Following Steppenwolf’s success, Axton signed to Columbia and returned to the fray with 1969’s My Griffin Is Gone. An atmospheric psychedelic-tinged roots-rock album, it failed to chart but was – and remains – something of a lost classic, featuring the upbeat ‘Sunrise’; the glorious ballad ‘Kingswood Manor’ and the poetic, Gene Clark-esque titular song.

Switching to Capitol, Axton released two excellent LPs during 1971, the folk/roots-flavoured Country Anthem and Joy To The World. Mystifyingly, neither charted, even though the latter included Axton’s own version of his song ‘The Pusher’ (a harrowing anti-drug song with an intensity reminiscent of John Lennon’s ‘Cold Turkey’) and the rousing, gospel-inflected titular song. The latter had “hit single” written through it like a stick of rock, and when popular LA-based outfit Three Dog Night released their singalong cover of the track in February 1971, it topped the US singles chart for six weeks straight.

Three Dog Night again hit paydirt when their second Axton cover, ‘Never Been To Spain’, rose to No.5 on the US singles chart, also in 1971. Axton finally scored a little tangible commercial success for himself during the 70s, however, when he recorded a run of LPs for both A&M and MCA (both now part of the Universal Music Group). Axton opened his account with 1973’s unlikely (and underrated) folk/prog odyssey Less Than The Song, but followed it up with arguably his most successful release, 1974’s assured Life Machine, which reached No.21 on the US Billboard Country chart and included hits ‘Bony Fingers’ and the affecting ‘When The Morning Comes’. The latter – which also featured vocal harmonies from Linda Ronstadt – also topped the Canadian country music singles chart and climbed to No.54 on the mainstream US Billboard singles rundown.

Axton was a regular feature in the US Billboard country charts until the turn of the 80s. His A&M albums, Southbound (1975) and the following year’s Fearless, both appeared in the Top 30s – a feat equalled by Fearless’ first 45, ‘Flash Of Fire’, which, respectively, went to No.18 on the US and No.9 on the Canadian charts. Outside of Joy To The World, the spirited Southbound was arguably Axton’s most memorable record from the 70s, featuring rowdy, good-time numbers such as ‘Whiskey’, ‘No No Song’ (also a 1975 hit for Ringo Starr) and another countercultural anthem, ‘Roll Your Own’. 1977’s MCA-sponsored Snowblind Friend, however, again ran it close, with the Elvis tribute ‘Funeral Of The King’, an emotive cover of Townes Van Zandt’s epic ‘Pancho & Lefty’ and the cautionary title track among the record’s numerous highlights.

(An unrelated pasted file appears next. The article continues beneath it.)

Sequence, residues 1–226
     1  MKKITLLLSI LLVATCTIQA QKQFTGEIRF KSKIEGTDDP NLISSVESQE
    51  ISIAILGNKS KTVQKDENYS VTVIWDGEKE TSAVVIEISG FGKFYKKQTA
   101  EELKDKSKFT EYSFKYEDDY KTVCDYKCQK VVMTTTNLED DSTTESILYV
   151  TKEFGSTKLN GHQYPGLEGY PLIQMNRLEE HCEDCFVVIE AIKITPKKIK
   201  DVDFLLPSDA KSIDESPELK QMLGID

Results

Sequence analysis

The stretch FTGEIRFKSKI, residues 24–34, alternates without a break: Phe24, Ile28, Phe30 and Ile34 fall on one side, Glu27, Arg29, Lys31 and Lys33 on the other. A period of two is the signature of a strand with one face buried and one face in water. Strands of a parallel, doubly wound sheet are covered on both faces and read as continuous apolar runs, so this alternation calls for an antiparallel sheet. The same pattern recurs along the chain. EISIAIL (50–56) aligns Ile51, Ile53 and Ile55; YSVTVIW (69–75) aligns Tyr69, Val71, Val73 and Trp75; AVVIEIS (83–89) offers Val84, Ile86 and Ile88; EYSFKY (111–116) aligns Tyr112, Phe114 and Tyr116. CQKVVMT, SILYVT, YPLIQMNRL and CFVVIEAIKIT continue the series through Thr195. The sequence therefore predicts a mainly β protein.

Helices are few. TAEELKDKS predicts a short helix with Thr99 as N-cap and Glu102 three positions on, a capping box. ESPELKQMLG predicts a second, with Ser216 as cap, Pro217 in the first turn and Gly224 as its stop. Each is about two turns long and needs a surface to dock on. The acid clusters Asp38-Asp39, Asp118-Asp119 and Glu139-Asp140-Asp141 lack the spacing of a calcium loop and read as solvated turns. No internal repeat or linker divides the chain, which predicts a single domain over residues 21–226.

With 1979’s Rusty Old Halo, Axton said goodbye to the decade in style. His final LP to clamber into the US Billboard Country and Canadian Country Top 30s respectively, it featured three of his most enduring hits courtesy of ‘Della & The Dealer’, ‘The Hotel Ritz’ and the raw, harmonica-assisted boogie of the titular song. Due to extensive airplay on BBC Radio 2 DJ Terry Wogan’s breakfast show, both ‘Della & The Dealer’ and ‘The Hotel Ritz’ even sneaked into the lower reaches of the UK Top 50, while Axton later performed the evergreen ‘Della’ in Philadelphia as part of the global Live Aid event, in the summer of 1985.

Though he recorded a couple more solid studio sets, Where Did The Money Go? and Pistol Packin’ Mama, for his own Tennessee-based Jeremiah imprint, Axton concentrated primarily on film and television from the mid-80s. He frequently appeared in front of the camera during this decade, racking up appearances in everything from the short-lived sitcom The Rousters to the Dukes Of Hazzard-affiliated TV movie Christmas Comes To Willow Creek, and also recorded the jingle ‘Head For The Mountains’ for the popular 80s Busch beer commercials.

Axton laid down one final – oft-overlooked – solo LP, 1990’s Spin Of The Wheel, which includes several gems, among them the wistful ‘We Could’ve Been Sweethearts’, which was comparable to the best of his 70s heyday. However, his health failed as the 90s drew on, and while he hosted The Nashville Network’s biographical country music series The Life And Times during his latter days, he suffered a debilitating stroke in 1995 and eventually died of natural causes as his home in Victor, Montana, on 26 October 1999. Alongside his late mother, however, Hoyt Axton was posthumously inducted into the Oklahoma Music Hall Of Fame in November 2007, and, as well-received retrospective collections such as the 4CD set The A&M Years and 2004’s Flashes Of Fire: Hoyt’s Very Best 1962-1990 makes abundantly clear, his fiery roots-rock catalogue continues to defy the ravages of time.